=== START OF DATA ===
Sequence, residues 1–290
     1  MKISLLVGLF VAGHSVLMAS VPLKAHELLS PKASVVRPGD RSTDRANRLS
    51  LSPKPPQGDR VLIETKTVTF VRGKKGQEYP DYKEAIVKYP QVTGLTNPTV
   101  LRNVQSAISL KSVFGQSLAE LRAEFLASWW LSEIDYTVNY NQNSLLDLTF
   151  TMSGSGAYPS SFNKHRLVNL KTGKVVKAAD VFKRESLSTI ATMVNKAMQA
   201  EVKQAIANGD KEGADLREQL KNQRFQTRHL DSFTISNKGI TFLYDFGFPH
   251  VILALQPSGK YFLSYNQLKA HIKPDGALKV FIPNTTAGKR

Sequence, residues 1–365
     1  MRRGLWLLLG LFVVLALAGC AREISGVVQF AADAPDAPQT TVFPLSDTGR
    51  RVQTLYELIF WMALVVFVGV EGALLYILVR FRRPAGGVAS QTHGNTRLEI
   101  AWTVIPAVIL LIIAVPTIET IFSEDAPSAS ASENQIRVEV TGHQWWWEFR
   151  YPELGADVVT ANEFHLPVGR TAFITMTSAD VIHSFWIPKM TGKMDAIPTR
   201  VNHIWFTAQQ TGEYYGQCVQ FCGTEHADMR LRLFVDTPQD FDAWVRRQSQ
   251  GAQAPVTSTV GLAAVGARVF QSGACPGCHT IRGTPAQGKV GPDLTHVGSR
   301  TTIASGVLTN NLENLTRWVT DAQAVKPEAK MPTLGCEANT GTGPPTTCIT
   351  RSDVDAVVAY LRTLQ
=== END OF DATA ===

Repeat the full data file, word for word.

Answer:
Sequence, residues 1–290
     1  MKISLLVGLF VAGHSVLMAS VPLKAHELLS PKASVVRPGD RSTDRANRLS
    51  LSPKPPQGDR VLIETKTVTF VRGKKGQEYP DYKEAIVKYP QVTGLTNPTV
   101  LRNVQSAISL KSVFGQSLAE LRAEFLASWW LSEIDYTVNY NQNSLLDLTF
   151  TMSGSGAYPS SFNKHRLVNL KTGKVVKAAD VFKRESLSTI ATMVNKAMQA
   201  EVKQAIANGD KEGADLREQL KNQRFQTRHL DSFTISNKGI TFLYDFGFPH
   251  VILALQPSGK YFLSYNQLKA HIKPDGALKV FIPNTTAGKR

Sequence, residues 1–365
     1  MRRGLWLLLG LFVVLALAGC AREISGVVQF AADAPDAPQT TVFPLSDTGR
    51  RVQTLYELIF WMALVVFVGV EGALLYILVR FRRPAGGVAS QTHGNTRLEI
   101  AWTVIPAVIL LIIAVPTIET IFSEDAPSAS ASENQIRVEV TGHQWWWEFR
   151  YPELGADVVT ANEFHLPVGR TAFITMTSAD VIHSFWIPKM TGKMDAIPTR
   201  VNHIWFTAQQ TGEYYGQCVQ FCGTEHADMR LRLFVDTPQD FDAWVRRQSQ
   251  GAQAPVTSTV GLAAVGARVF QSGACPGCHT IRGTPAQGKV GPDLTHVGSR
   301  TTIASGVLTN NLENLTRWVT DAQAVKPEAK MPTLGCEANT GTGPPTTCIT
   351  RSDVDAVVAY LRTLQ